Differing Definitions of Discrimination
Way back in the early aughts, I took a college sociology class, and in one discussion session we were asked to define the word "discrimination." I went with something along the lines of "recognizing differences between two things and then behaving differently toward them." This was not popular: It's possible to do that without being a bad person, and, according to most of my classmates, only bad people can engage in the practice known as "discrimination."
I was reminded of this when I read John Goodman's critique of the Obamacare rule that insurers can't charge women higher premiums and yet have to cover female-specific services such as pregnancy care. He writes:
Women have substantially longer life expectancy than men. So in an unfettered life insurance market, the actuarially fair premium for women would be lower than it is for men. Is this gender discrimination? I don't think so. If people pay for what they get, I would say everyone is being treated fairly. But suppose we pass a law saying that life insurers have to charge the same premium, regardless of sex. That would cause women to be over-charged and men to be under-charged. I would call that discrimination. Completely unjustified discrimination.
Think about that example. A law that purports to outlaw discrimination would in fact be a law that forces insurers to discriminate. And the victims would all be women. A similar injustice happens under ObamaCare. Except this time, it's the men who lose out.
This goes to the heart of the debate about what "discrimination" -- in the by-definition-bad sense -- is.
The employment laws passed in the 1960s give us a sense of what most people mean when they refer to this concept. Under these laws, certain factors -- most prominently, race and sex -- must simply be taken off the table. To consider these factors in hiring is to discriminate, and over time we've been adding more factors to the list (e.g. most people now support bans on sexual-orientation discrimination).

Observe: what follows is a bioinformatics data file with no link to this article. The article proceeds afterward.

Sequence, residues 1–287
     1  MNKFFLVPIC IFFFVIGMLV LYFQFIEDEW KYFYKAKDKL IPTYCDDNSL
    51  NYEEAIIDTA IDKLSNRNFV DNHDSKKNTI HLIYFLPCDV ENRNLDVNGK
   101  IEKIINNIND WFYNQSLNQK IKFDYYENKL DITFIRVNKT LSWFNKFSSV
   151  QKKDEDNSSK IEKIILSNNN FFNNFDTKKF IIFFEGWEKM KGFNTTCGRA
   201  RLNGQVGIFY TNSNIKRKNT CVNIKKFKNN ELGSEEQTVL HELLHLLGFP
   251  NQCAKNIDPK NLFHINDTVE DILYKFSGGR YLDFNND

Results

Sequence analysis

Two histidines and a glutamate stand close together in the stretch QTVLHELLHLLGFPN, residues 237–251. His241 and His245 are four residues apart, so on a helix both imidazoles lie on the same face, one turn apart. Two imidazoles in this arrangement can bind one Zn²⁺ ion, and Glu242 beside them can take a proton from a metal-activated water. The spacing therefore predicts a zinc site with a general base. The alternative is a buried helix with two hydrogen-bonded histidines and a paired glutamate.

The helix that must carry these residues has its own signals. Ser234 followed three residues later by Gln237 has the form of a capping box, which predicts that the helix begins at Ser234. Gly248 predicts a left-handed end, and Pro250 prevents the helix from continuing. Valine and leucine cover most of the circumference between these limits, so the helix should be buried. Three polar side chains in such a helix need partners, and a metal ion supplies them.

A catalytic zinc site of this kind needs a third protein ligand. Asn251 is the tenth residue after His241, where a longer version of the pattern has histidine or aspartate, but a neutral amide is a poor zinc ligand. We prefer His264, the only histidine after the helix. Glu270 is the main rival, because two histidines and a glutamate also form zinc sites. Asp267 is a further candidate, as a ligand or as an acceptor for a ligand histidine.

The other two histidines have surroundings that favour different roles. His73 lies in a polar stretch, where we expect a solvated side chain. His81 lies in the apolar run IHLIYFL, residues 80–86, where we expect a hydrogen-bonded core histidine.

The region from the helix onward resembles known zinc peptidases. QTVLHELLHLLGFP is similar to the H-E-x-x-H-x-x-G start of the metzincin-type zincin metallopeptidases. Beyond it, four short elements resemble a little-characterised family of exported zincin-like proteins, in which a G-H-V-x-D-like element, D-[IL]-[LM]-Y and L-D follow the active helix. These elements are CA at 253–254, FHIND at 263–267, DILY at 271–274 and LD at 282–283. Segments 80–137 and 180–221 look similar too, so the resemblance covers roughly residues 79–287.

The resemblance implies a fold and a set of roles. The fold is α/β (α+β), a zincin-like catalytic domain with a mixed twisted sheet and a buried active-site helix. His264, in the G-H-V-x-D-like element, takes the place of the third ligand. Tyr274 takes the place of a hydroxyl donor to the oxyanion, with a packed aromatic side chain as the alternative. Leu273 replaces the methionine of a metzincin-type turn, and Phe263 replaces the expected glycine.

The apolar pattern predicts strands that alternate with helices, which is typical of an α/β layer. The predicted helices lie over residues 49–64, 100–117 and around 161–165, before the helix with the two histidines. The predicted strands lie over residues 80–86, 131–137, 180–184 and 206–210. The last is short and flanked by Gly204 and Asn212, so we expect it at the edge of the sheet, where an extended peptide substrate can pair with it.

Importantly, aside from some obvious exceptions -- say, you're hiring an actor to play a character of a certain race or sex -- this applies even when it's completely rational to consider these attributes. For example, when women are legally entitled to take leave when a child is born, it can make sense for employers to discriminate against women who are likely to bear children. Also, Southern businesses in the wake of the civil-rights era often had a lot of racist customers, and could lose profit by hiring blacks. The law prevents discrimination in cases like these anyway, and only a few people (such as Walter Williams) say it shouldn't.
So, the idea here isn't really that these factors are always unrelated to a worker's expected value to a company -- but rather that it's unfair to penalize someone for belonging to one of these categories.
In light of this, the question posed by Obamacare is an interesting one. Before Obamacare, health insurers were allowed to charge women higher rates because they were likely to use more care. In a way this is comparable to the discrimination banned in employment -- gender itself is being used as a reason to treat someone poorly.
But on the other hand, we're not normally bothered when men and women spend different amounts of money on products they use different amounts of. We don't expect men and women to spend the same amount on mascara, for instance, even though CVS doesn't discriminate based on whether a man or a woman brings the product to the counter. Gender-based pricing is needed to produce this result in health insurance only because it's a unique type of product -- where one party collects regular payments in exchange for a promise to pay for certain things later, and thus has to set a price that roughly corresponds to the expected cost of providing coverage. As Goodman notes, to deny insurance companies the ability to charge women more is to force men to subsidize women's health care.
So do we have "discrimination" here? It depends how you define the word.
Perhaps it doesn't make sense to look at the issue through the discrimination lens, though. The idea behind the law may simply be that, because women did not choose to be women, they shouldn't have to pay extra for it -- even if it costs more. These rules could be designed to rectify a cosmic injustice, using insurance premiums as the leveling force, rather than to stamp out unjust behavior on the part of insurance companies themselves.
Robert VerBruggen is editor of RealClearPolicy. Twitter: @RAVerBruggen